The Writer As Migrant, by Ha Jin
I must admit that reading this book gave me a somewhat melancholy feeling as someone who has long written and lived with a certain sense of estrangement from my roots . This experience is surely not unique, as the author manages to discuss a great many people who managed to write and write very well despite being cut off from their native roots, from Dante to Nabokov, and from Joseph Conrad to V.S. Naipal, all of which are writers I am familiar with and generally fond of. The experience of being an exile carries with it a certain tension about where we belong and who our audience is, and whether it is best to write in our native language or to accommodate ourselves to the language of where we happen to be. In my own experience, as a native speaker and writer of English and as someone who started learning Spanish very young as well, I am perfectly content to write in both languages, although I greatly prefer to write in English. Not everyone is fortunate enough to have as their native languages major languages, though, and face a deeper problem as they seek to live as writers in the midst of the problems of being cut off from one’s homeland.
This short book of less than 100 pages is made up of three essays from the author on the problem of the writer as an exile. After a short preface the author begins his discussion with a thoughtful examination of the spokesman and the tribe, pointing out that the writer as an exile faces a difficult problem in seeking to speak for a people he no longer lives around, for to abandon one’s citizenship or one’s native language makes it very difficult to maintain credibility as a spokesmen for one’s native people, a problem that Joseph Conrad faced being a writer in English despite being a native Pole, but one that was better navigated, for example, by Solzhenitsyn, who despite his mistreatment ended up maintaining his credibility with the Russian people as a spokesman. The second essay takes up the theme of the language of betrayal, again focusing on Joseph Conrad and writers who sought (not entirely successfully) to distinguish themselves from him as people who wrote literature in English as a second language. The third and final essay looks at the nature of an individuals homeland through a discussion of Odysseus’ Ithaca and its various meanings and implications in contemporary poetry and literature. Throughout the author manages to strike a delicate balance between the individual and the collective while pointing out that while a writer cannot help but be moral, there are strong limitations as to the sort of moral change that writers can promote through their writings.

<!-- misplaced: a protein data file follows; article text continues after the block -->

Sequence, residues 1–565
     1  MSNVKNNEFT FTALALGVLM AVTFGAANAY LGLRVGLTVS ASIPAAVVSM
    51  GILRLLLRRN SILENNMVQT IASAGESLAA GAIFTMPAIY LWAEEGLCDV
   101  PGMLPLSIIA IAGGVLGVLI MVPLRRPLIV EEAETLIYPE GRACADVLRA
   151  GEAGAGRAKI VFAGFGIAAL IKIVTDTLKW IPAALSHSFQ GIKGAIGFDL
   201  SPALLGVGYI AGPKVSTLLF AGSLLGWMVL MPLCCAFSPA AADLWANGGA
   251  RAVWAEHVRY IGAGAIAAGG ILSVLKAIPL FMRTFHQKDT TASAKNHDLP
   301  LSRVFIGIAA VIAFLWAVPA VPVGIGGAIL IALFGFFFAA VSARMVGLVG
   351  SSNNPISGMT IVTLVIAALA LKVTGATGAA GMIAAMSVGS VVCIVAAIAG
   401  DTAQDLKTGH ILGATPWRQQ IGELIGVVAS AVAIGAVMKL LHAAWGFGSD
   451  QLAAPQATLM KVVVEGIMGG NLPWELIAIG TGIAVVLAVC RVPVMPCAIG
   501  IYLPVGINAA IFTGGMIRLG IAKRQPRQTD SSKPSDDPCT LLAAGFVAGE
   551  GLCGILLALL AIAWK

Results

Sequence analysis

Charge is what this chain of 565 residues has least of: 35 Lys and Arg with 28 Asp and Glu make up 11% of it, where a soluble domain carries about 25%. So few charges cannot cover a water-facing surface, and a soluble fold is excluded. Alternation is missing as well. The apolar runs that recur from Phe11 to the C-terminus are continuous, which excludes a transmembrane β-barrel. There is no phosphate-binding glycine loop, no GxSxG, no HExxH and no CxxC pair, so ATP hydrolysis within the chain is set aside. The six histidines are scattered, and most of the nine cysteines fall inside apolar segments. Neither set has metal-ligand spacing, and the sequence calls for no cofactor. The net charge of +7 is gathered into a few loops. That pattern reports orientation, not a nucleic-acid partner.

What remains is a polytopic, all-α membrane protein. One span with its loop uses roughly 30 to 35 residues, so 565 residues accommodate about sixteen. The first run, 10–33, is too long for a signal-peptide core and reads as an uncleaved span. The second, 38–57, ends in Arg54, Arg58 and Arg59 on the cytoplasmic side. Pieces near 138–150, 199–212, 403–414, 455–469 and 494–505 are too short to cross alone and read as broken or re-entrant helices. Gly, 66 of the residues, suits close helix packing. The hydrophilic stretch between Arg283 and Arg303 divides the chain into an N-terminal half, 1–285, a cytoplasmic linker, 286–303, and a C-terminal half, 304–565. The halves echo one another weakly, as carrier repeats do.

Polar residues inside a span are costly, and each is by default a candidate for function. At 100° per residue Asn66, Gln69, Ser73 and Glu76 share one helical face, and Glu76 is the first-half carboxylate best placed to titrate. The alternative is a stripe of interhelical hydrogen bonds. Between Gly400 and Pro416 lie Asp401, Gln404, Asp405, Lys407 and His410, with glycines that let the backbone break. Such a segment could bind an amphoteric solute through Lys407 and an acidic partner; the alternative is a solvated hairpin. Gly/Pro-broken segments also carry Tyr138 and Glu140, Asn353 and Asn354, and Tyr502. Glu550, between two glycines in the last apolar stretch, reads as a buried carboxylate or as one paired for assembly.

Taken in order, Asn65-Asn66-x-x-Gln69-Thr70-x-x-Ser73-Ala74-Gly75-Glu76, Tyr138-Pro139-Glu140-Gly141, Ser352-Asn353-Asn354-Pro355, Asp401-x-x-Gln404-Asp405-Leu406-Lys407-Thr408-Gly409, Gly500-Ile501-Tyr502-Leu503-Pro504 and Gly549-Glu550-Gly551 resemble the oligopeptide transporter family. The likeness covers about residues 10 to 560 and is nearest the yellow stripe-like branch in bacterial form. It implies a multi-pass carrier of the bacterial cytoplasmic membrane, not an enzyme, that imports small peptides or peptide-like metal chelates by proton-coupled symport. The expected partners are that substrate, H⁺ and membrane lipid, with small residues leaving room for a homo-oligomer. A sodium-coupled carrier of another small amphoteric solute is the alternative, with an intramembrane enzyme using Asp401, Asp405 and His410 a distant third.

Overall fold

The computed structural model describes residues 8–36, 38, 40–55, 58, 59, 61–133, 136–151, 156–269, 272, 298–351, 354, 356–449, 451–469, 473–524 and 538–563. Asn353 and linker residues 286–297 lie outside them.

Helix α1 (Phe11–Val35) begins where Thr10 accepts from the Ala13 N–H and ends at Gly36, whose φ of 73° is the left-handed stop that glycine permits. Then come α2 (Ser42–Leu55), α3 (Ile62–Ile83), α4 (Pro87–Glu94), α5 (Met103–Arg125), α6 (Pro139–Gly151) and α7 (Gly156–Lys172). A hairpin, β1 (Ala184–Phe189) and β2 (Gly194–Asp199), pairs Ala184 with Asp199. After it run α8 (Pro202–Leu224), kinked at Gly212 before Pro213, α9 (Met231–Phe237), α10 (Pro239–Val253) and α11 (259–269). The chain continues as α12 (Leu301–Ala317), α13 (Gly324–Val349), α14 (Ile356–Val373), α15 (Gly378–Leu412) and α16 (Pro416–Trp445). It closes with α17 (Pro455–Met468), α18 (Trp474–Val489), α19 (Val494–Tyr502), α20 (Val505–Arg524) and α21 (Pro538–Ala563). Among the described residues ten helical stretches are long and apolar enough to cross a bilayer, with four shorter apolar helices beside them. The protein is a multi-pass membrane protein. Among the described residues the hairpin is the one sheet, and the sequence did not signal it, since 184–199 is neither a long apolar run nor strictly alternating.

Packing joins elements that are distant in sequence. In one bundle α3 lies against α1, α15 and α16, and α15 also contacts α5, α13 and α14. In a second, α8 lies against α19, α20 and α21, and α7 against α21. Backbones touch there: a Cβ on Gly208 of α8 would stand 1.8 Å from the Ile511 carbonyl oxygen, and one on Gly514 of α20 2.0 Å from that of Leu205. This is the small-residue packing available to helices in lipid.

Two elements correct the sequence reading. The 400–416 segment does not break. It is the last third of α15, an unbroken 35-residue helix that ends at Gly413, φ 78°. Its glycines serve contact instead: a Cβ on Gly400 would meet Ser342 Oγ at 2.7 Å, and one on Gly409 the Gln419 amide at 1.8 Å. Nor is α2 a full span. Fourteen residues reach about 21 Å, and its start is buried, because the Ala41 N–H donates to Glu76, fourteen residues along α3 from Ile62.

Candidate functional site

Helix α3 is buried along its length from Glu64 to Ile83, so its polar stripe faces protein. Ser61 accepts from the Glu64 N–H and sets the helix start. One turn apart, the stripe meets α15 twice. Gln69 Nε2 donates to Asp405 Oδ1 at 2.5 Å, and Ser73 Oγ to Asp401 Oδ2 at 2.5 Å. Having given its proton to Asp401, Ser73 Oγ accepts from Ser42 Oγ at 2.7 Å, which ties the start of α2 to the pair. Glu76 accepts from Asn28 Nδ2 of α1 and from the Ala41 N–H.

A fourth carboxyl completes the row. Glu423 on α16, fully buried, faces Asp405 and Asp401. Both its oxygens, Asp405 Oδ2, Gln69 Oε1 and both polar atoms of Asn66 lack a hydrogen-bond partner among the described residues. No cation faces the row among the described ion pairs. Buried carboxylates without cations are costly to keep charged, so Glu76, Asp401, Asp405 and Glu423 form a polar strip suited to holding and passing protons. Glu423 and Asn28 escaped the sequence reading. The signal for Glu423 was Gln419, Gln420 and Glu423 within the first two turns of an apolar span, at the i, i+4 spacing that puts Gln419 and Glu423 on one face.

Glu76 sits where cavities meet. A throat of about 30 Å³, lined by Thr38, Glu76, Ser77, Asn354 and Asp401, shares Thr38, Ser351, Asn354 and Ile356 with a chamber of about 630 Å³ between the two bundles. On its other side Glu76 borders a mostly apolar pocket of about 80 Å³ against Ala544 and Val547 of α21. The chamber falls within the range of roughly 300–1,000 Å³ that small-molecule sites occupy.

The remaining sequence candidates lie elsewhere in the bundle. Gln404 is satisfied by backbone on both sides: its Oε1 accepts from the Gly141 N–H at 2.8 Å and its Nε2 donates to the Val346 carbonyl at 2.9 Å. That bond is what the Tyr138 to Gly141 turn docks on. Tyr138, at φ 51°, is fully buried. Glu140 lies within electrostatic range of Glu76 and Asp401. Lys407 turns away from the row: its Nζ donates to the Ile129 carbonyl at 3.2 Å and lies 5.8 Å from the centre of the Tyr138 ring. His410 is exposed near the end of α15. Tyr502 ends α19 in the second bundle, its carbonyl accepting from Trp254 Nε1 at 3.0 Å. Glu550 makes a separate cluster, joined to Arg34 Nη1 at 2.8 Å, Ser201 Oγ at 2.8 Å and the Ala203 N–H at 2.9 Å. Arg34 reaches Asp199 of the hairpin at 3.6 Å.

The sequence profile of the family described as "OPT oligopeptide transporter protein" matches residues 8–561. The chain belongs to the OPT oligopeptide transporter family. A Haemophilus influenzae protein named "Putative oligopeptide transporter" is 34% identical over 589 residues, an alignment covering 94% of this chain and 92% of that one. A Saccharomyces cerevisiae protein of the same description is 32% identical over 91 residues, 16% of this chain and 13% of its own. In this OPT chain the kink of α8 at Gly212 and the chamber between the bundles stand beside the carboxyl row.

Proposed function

What is it that made me sad to read these essays? For one, the author himself is an exile, a native Chinese writer who had been a part of the PLA but who managed to become a professor at Boston University as well as a successful writer of Chinese literature, by no means a popular genre of literature in the mainstream American market. The author’s own personal experiences, and my own experiences as an exile, give this book a poignancy that shows the sense of loss that results from having to make one’s way among strangers who do not understand us. The author’s discussion, for example, of the tragic eponymous hero of Nabokov’s Pnin, and the way that he is continually misunderstood by others, is something that strikes a deep chord with me personally. I found myself in reading these essays a sense of kinship with those who wrote of the desire to find home and the tension between doing what is best for oneself and also seeking the support and encouragement of others without which writing is not of any profit and of precious little enjoyment. Perhaps we may not be alone in being alone, though, and if we are far from home and caught between hopes for the future and looking back to the past, certainly there are others we can relate to, and that makes the journey a less lonely one.
 See, for example: